By Sarah Skinner

Going Green in the Bakken

For years, the Bakken has been known to be a major oil and gas hub and it is the third largest U.S. shale oil field, behind the Permian Basin and Eagle Ford, in Texas. Primarily located in North Dakota, it also runs through Montana and two Canadian provinces – Manitoba and Saskatchewan. Because of the oil play there, McDonalds’ workers have been known to make upwards of $20 per hour to accommodate the high numbers of clientele. You can also buy shirts there that say “Rockin’ the Bakken.” It’s a hot place to be – not really – it’s actually fairly cold, but with 3.65 billion barrels of recoverable crude oil under its surface, it is definitely a “hot spot” for companies wanting to conduct business there.


The advantageous Bakken location was not lost on Meridian Energy Group, Inc., a leading developer of innovative advanced technology and environmentally‐compliant oil refining facilities, as they are currently in the process of building a state‐of‐the‐art crude oil refinery on over 700 acres of land (actual refinery footprint is about 150 acres) near Belfield, North Dakota – the heart of the Bakken. The Davis Refinery will be located close to oil and gas pipelines and major transportation highways. The Burlington Northern Santa Fe rail line runs directly through the refinery site, facilitating the construction of a crude oil feedstock offloading and refined fuels uploading terminal. Its location is strategic, placing it with direct access to major transportation infrastructure.
While the location of the refinery seems ideal in most respects, it was the location that stirred up controversy among the surrounding community because of its proximity to Theodore Roosevelt National Park. The Park is the state’s top tourist attraction and it brings in more than 700,000 people each year. Pollution from the refinery, which needed to meet Class 1 air quality regulations, was a major concern among several environmental groups and they made sure their opposition was clearly stated.


In July of 2016, Meridian was granted the Conditional Use Permit for the refinery – it took them just under a year to have it approved and the approval was done so under much scrutiny. After the permit was granted, Meridian could begin the engineering and modeling necessary for the Air Quality Permit, which they filed to the North Dakota Department of Health – Air Quality Division in October of 2016. “We then entered into probably one of the most intensive permitting efforts that the state of North Dakota has ever seen. It was our contention that the Davis Refinery could achieve emissions levels so low that would allow it to be permitted as a Synthetic Minor Source, even though the thought of doing it that way was considered heresy, since all of the full conversion refineries were supposed to be Major Sources,” said William Prentice, CEO of Meridian Energy Group.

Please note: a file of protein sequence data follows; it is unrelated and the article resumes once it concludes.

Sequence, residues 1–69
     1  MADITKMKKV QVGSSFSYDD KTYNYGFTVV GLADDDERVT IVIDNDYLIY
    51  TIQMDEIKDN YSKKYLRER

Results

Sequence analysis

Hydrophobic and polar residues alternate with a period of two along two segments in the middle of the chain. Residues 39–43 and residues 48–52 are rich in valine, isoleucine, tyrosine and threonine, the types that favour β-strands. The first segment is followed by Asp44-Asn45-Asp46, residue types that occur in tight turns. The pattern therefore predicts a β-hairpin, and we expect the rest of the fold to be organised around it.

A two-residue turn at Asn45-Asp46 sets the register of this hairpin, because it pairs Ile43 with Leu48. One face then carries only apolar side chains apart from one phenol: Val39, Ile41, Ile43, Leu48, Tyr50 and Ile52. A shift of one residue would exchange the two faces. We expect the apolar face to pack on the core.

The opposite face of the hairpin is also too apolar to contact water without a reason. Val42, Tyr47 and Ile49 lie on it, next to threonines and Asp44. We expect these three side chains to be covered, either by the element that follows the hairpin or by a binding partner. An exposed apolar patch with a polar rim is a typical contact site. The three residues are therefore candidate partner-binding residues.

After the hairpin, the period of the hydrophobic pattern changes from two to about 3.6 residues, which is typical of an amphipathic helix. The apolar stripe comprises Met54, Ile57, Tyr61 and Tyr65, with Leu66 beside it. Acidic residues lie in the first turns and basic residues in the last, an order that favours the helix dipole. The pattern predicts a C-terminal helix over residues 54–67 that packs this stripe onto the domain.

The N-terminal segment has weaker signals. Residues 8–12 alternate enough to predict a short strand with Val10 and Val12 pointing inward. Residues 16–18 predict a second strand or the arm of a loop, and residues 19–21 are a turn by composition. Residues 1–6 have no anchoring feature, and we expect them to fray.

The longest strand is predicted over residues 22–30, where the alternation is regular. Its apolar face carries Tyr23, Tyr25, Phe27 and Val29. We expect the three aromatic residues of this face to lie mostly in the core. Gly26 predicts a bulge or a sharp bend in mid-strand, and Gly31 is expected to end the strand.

It took many months to get the Air Quality Division to see what Meridian was trying to achieve and how all of it worked technically. It was vital that they proved that they weren’t just fantasizing about the emissions levels that could be obtained. “Our emissions coming out of this plant were tremendously low. There was no expectation that we could actually achieve that,” said Prentice. After the initial effort of showing the state what they could do on the permit for the air quality, Meridian realized that they could do better than what was previously proposed in October 2016. Certain areas of the project were re‐engineered and another design concept came about that was even cleaner. The modified application was resubmitted in April 2017. The state went through the process of reviewing it and met with EPA

regularly throughout the review to make sure they were complying with all of their guidelines and proposed regulations, The Department of Health even met with the National Parks Service regularly as well. The draft Permit to Construct was received in fall of 2017 showing that the Davis Refinery would be permitted as a Synthetic Minor Source. This was the first time in history that a full‐conversion refinery has been able to receive its Permit to Construct under classification as a Synthetic Minor Source for air contaminants. This was definitely a historic event and an incredible achievement for Meridian.

As part of the Permit to Construct process, in December of 2017, Meridian went through a public comment period with a public hearing. As part of the public review process the Department of Healthy received nearly 11,000 public comments and each and every one was answered by Meridian and the Department of Health. After 20 months and probably the most lawyered permit application in the history of the state, the Permit to Construct was issued by the North Dakota Department of Health – Air Quality Division in June 2018.


The Davis Refinery will be the first full‐conversion “greenfield” refinery constructed in the U.S. since 1976. As a new, modern plant, the refinery will have all new equipment configured in the most efficient manner.

Currently, more than 1.2 million barrels of oil are being produced in the Bakken every day. Over 95% of it is being shipped at great expense to refineries hundreds of miles away on the east, west and gulf coasts. The current refining capacity in North Dakota is 94,000 barrels per day. Locating the Davis Refinery in the heart of the Bakken will ensure a steady supply of below market crude oil feedstock from production companies seeking transportation savings and a local market for refined fuels.